Libertarian economist David Henderson explains how ending the War on Drugs will lift people out of poverty.
We hear a lot about the top 1%. We don’t hear a lot about the bottom 1%. There are about 313 million people in America today. 1% of 313 million is 3,130,000. In our prisons today are 2,200,000 people. So the people in prison are 2/3 of one percent. And their wages are typically about 23 cents an hour. They are, essentially, the bottom 1%.
Many of them are there for violent crimes, theft, fraud, and other such things. But hundreds of thousands of them are there for buying, selling, or producing illegal drugs. The drug war has put them there. And we taxpayers are paying $30,000 a year and more to keep them there.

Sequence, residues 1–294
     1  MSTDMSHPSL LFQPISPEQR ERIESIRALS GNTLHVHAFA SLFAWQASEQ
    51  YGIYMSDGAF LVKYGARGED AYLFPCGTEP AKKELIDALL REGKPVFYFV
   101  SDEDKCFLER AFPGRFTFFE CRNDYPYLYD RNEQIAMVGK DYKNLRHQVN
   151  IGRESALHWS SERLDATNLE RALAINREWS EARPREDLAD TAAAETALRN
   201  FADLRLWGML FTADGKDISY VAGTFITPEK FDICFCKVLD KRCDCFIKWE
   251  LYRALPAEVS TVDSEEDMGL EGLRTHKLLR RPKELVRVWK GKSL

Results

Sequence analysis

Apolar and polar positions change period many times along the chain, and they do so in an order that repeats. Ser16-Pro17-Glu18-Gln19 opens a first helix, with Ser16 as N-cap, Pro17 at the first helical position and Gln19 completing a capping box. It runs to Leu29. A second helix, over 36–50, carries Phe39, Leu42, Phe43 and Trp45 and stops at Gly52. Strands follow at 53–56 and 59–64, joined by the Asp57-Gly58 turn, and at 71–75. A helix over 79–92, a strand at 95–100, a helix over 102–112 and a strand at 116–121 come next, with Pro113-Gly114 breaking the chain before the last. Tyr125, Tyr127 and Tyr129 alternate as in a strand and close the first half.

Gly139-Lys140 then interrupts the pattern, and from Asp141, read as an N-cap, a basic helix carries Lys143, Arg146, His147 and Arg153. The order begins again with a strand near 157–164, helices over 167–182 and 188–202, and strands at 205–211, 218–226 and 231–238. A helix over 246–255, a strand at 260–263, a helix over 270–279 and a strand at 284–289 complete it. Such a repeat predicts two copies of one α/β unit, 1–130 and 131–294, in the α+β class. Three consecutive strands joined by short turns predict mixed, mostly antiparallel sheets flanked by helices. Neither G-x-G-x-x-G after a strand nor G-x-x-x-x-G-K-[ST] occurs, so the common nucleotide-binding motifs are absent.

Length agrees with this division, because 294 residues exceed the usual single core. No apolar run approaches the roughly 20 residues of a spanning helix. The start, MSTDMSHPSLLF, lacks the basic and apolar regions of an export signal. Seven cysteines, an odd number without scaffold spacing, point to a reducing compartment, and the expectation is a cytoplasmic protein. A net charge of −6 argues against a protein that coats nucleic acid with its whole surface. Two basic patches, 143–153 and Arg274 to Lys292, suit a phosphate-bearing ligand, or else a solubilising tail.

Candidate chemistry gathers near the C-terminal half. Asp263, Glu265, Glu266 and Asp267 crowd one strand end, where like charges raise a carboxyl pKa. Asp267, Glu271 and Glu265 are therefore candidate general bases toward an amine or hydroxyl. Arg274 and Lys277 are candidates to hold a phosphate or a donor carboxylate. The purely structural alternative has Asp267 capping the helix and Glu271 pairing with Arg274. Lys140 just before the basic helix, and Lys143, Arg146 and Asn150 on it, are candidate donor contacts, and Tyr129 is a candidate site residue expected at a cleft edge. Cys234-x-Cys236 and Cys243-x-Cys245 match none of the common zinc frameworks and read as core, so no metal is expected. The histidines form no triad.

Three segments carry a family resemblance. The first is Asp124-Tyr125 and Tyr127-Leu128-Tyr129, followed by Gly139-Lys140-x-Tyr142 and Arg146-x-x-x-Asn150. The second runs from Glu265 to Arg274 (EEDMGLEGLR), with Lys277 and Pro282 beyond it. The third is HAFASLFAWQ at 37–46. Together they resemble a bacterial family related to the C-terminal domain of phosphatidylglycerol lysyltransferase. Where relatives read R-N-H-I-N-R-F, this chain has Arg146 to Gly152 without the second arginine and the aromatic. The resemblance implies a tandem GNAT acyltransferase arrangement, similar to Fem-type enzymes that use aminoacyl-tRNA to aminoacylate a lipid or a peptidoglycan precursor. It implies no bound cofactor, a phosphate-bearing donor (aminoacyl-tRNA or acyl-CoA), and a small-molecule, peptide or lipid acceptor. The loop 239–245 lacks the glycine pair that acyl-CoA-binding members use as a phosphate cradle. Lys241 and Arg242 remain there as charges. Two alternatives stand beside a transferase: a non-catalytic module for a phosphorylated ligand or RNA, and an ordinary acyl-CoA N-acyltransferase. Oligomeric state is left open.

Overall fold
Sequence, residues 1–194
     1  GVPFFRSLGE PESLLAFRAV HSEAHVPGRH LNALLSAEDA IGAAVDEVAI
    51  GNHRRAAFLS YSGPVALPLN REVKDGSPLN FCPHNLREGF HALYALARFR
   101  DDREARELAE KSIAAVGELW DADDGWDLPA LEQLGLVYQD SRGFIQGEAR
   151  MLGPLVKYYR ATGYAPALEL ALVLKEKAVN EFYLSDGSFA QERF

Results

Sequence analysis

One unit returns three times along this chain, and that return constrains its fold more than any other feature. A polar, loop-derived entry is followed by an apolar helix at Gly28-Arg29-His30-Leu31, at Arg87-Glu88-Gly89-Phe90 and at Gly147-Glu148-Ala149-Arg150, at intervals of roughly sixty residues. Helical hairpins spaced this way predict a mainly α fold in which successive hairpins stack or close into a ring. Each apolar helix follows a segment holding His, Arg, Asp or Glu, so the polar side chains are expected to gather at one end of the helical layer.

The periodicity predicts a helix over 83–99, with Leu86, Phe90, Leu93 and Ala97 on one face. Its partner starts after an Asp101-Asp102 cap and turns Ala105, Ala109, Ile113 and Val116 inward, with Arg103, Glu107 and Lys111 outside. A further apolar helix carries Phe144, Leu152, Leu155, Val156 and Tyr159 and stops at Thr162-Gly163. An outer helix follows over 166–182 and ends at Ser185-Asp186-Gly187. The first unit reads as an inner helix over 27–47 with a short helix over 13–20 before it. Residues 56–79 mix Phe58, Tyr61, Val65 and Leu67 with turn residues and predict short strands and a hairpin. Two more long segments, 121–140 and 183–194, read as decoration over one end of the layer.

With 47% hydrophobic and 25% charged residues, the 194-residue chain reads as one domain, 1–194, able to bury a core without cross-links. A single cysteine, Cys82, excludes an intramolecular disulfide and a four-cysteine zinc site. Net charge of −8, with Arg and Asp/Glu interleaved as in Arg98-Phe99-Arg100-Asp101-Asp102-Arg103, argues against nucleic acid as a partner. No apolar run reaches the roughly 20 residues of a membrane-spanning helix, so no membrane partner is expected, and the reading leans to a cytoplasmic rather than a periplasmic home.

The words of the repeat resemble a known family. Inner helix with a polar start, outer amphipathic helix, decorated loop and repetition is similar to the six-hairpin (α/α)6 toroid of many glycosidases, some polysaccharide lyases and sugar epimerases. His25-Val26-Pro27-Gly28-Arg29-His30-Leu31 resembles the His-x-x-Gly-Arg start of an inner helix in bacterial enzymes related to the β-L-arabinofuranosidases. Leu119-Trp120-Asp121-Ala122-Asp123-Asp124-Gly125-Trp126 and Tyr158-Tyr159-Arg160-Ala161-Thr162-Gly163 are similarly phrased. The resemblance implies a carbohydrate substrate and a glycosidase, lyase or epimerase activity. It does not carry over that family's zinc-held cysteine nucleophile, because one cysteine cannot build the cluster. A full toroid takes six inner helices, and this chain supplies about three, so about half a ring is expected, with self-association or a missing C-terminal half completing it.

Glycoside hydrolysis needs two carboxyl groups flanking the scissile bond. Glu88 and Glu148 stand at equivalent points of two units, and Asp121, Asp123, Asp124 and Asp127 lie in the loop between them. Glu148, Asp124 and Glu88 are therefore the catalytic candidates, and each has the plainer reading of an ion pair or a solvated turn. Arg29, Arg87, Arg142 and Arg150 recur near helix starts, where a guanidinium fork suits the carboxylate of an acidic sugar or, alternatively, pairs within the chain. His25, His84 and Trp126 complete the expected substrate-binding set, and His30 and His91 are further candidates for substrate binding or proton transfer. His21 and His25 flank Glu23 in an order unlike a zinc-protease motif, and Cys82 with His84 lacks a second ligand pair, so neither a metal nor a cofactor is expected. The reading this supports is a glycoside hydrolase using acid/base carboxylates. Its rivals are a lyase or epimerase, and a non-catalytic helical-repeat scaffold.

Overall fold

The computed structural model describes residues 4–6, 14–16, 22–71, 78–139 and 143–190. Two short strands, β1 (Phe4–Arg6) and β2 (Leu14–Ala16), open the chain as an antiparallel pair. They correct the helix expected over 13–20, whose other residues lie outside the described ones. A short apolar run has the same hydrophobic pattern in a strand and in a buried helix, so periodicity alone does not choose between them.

So let me get this straight: high-income people are paying lots of taxes so that the government can put poor people in prison and keep them poor or put non-poor people in prison and make them poor.
We hear the occupy people advocate taxing the top 1% more. I’ve got a better idea: let’s tax the top 1% less–they’re already paying a disproportionately high share of taxes–and let a few hundred thousand of the bottom one percent out of prison and out of their grinding poverty in prison.
David Henderson, “The Bottom One Percent“, Econ Log, 29 April 2012.
The incarceration rate in the United States is the highest in the world. This human tragedy in caused, in no small part, by the War on Drugs. It is time to decriminalize victimless crimes.
I do not agree that the top 1% are “paying a disproportionately high share of taxes”, but want to point out that drugs can be legalised without changing the tax code. Taxes and drug legalisation are related, however, for two reasons. First, maintaining prisoners in jail is costly for taxpayers. Second, and more important, ending prohibition creates opportunities to tax drug consumption (witness the examples of tobacco and alcohol).